Comfest is a big deal in Columbus, Ohio. Each summer volunteers put on three days of music, activist opportunities, and fun. Last year the organizers decided to add sculpture and asked me to participate. I had these pieces left over from roughing out an earlier piece, and drilled them and glued in steel pins on one end. They were easy to plunge into the soft ground to build ever changing sculptures, some made by me alone, others with the help of the festival goers.

This is a different view of the first sculpture.
This is a different view of the first sculpture.

For three days I made a constantly evolving piece, with the help of the community. It was a lot of fun, and there were some interesting conversations and interactions. Doing Art in public is a riot.

Circling the square?
Circling the square?

The square gave way to the circle., one piece at a time. Each post weighs about thirty pounds. At the end of each day I was definitely feeling it.

Oh my, the pins hold them even if they are not plumb. Discovery!
Oh my, the pins hold them even if they are not plumb. Discovery!

This piece was done by gently tossing the posts through the air and letting them land as they may. I wish I had taken a video of this one. Several of us plucking the posts from the circle and tossing them around. Good times. Would have made great video.

Chaos gives way to grace.
Chaos gives way to grace.

This version is so relaxed it almost looks drunken.

Occuping a lot of space sculpturally with only a little material is the goal.
Occuping a lot of space sculpturally with only a little material is the goal.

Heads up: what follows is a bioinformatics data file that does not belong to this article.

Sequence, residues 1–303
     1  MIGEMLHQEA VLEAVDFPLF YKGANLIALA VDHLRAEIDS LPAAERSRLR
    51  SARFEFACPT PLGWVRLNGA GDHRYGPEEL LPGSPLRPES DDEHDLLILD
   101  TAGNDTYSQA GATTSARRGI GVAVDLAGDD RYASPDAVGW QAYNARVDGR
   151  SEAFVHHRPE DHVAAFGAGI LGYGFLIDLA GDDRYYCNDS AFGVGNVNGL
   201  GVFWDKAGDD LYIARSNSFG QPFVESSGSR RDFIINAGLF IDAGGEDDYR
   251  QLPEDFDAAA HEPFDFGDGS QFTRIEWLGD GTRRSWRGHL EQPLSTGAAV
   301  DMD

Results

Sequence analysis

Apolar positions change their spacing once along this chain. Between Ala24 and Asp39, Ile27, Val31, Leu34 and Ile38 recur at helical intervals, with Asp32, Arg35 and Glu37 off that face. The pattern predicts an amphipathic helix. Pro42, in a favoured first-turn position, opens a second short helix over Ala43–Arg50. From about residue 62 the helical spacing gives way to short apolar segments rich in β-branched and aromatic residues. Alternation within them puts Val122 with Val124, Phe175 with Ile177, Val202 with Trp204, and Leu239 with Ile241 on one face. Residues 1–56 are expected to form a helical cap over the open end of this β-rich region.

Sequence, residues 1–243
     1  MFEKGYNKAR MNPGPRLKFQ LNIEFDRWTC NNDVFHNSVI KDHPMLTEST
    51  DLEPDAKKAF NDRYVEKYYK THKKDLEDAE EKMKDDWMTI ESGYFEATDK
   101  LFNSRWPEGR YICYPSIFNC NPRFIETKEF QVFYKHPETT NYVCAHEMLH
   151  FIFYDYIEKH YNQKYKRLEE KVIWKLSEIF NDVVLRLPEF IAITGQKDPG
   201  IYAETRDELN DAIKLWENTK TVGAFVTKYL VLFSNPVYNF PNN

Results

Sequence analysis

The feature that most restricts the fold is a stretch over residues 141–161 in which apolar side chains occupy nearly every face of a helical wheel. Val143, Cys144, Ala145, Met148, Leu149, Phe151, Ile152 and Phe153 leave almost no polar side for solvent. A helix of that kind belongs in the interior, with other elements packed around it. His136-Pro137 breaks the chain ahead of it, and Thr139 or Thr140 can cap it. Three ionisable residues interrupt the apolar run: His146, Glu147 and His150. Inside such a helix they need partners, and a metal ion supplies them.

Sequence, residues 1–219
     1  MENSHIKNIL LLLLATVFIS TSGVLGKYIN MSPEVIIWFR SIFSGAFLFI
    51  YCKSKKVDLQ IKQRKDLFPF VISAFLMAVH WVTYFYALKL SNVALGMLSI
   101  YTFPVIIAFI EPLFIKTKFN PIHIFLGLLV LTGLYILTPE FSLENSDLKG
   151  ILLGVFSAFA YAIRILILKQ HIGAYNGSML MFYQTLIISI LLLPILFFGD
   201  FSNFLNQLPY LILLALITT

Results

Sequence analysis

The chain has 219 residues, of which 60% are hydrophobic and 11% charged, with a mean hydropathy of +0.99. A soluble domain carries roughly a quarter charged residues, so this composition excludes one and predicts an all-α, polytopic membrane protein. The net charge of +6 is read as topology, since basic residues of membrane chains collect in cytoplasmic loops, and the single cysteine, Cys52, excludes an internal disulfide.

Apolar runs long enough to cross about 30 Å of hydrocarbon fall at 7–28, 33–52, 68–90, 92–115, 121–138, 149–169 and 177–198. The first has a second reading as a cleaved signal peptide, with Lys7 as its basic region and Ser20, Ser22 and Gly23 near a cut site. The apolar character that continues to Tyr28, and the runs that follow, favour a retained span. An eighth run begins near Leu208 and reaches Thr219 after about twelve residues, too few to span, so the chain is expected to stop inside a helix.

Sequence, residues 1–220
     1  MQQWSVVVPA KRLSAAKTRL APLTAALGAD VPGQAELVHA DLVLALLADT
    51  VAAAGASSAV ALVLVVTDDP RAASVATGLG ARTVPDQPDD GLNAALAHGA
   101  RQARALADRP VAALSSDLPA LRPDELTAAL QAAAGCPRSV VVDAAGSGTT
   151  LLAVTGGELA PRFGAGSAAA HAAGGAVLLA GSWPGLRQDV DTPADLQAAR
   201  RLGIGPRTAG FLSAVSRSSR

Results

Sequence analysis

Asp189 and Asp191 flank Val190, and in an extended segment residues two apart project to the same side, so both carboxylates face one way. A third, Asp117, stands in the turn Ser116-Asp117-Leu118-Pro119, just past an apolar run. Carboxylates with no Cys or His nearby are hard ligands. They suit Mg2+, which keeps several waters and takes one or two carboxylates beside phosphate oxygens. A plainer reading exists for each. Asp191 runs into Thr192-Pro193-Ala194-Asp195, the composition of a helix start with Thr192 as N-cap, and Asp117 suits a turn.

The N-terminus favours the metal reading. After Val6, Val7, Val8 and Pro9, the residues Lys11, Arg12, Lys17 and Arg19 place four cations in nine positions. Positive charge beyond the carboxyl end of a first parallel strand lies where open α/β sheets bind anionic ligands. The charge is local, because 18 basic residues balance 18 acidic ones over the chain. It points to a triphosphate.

After I had completed this one, a man approached and performed an amazing feat- he leaped them al, on after the other, without stopping and without blowing a single landing.

The construction by a human indicating that a human was here. Strange urge.
The construction by a human indicating that a human was here. Strange urge.

Another view.

I took a break and came back to find that volunteers had converted the last piece to this one.
I took a break and came back to find that volunteers had converted the last piece to this one.

It was hilarious to watch the would-be ninjas try to balance on these structures, clearly a bit buzzed… not.

Ashley did his best not to indicate signs of fear.
Ashley did his best not to indicate signs of fear.

My friend Ashley came by (wonderful painter) and asked if I would do him as a chalk outline. He got way more than he asked for. No bumping the sculpture allowed!

Houdini!
Houdini!

And then he managed to crawl out without disturbing a single stone. Go Ashley!

(Ashely's view)
(Ashely’s view)

Now ask yourself- how did he get out of there? Not for the faint of heart. He was VERY slow about it, I must say.

I had the able help of painter Jonathon Ryan on this one, and a couple others. Thanks Jonathon, that was fun!
I had the able help of painter Jonathon Ryan on this one, and a couple others. Thanks Jonathon, that was fun!

That is all balance, and in a very public and crowded space. Majestic, it was. And all by eye. No measuring tools were used throughout the festival.

Another view.
Another view.

This one occupied the most space and took the longest time to make. Very tricky- and very cool.

Fred Astaire!
Fred Astaire!

This subtle piece was done by a volunteer. I dig it.